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October 16, 2012

How much cash is gas drilling bringing to your municipality?

— The state Public Utility Commission wants county and municipal officials looking for their share of the Marcellus Shale impact fee to know that the check is in the mail.

Or at least it will be in the mail by the end of the month, said PUC spokeswoman Jennifer Kocher.

“(The money) will be available in about two weeks,” Kocher said.

Cambria County can expect to receive just more than $166,000 for this first year of the drilling impact fee, while Somerset County stands to receive just less than $180,700.

Each of the 63 townships and boroughs in Cambria County and the 50 in Somerset County will receive some money from the fee, though the amount will be minimal for the smallest municipalities that host no Marcellus wells.

A handful of others will see greater benefit.

The big winner in Cambria is Adams Township, which stands to gain just more than $29,300, while in Somerset County, Addison

Township comes out on top with $38,800, according to a spreadsheet posted on the PUC’s website Monday.

The payment is greater than Cambria officials anticipated.

“I am tickled pink that we are at $166,000. We initially thought it would be less than $50,000,” Cambria County President Commissioner Douglas Lengenfelder said.

The money has been paid to the PUC by the oil companies over the past several months and is being distributed based on a per well formula outlined in Act 13 and adopted by the state legislature in February.

Initial estimates of the well fee were $190 million, but as of the September deadline, the oil companies payed in about $204.4 million, Kocher said.

The impact fee law, a significant revision of the state’s Oil and Gas Act of 1984, criticized by environmentalists and hailed by the shale gas industry, stipulates that $25.5 million go to statewide conservation and environmental initiatives.

Of the remaining nearly $180 million, 60 percent will go to local governments and counties with Marcellus wells and the remainder split by non-well host counties based on population and proximity to the wells.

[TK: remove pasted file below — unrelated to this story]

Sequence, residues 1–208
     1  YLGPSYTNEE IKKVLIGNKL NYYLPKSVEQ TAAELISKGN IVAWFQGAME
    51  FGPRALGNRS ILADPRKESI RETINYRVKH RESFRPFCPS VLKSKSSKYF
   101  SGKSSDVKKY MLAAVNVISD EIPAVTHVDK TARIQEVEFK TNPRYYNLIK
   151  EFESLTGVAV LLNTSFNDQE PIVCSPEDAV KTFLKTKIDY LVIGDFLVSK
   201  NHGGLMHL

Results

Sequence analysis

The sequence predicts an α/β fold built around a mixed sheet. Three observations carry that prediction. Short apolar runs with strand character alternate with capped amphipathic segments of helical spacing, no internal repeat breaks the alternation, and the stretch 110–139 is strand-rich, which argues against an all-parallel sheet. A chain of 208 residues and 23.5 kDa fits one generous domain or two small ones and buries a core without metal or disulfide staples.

The act also includes about a dozen areas on how county and local governments can spend the well impact money. The list runs the gamut from roads to water, emergency preparedness to social and judicial services.

In Cambria, the discussion on how to spend the money goes on, with support for efforts to begin improvements on Route 219 north in the Carrolltown area.

PennDOT has proposed improving a secondary road to Patton and making improvements to Route 36 north to the Clearfield County line to pull some through traffic from Northern Cambria.

Also on the table are other attempts to help with bridges and highways, Lengenfelder said.

How the funds will be disbursed in Somerset County has not been decided, but minority Commissioner Joe Betta said he will try to have it designated for areas affected by the industry.

“We haven’t decided it yet, but I want to see it cover any negative impact in Somerset County as a result of the drilling,” he said.

The disbursements to county and local governments are an example of the positive impact the unconventional natural gas is having on Pennsylvania, said Kathryn Klaber, president of the Marcellus Shale Coalition.

“The natural gas industry across the commonwealth is indeed a true partnership with county and local governments,” Klaber said in an email.

“These revenues are being directed to each of Pennsylvania’s 67 counties regardless of where natural gas operations are taking place.”

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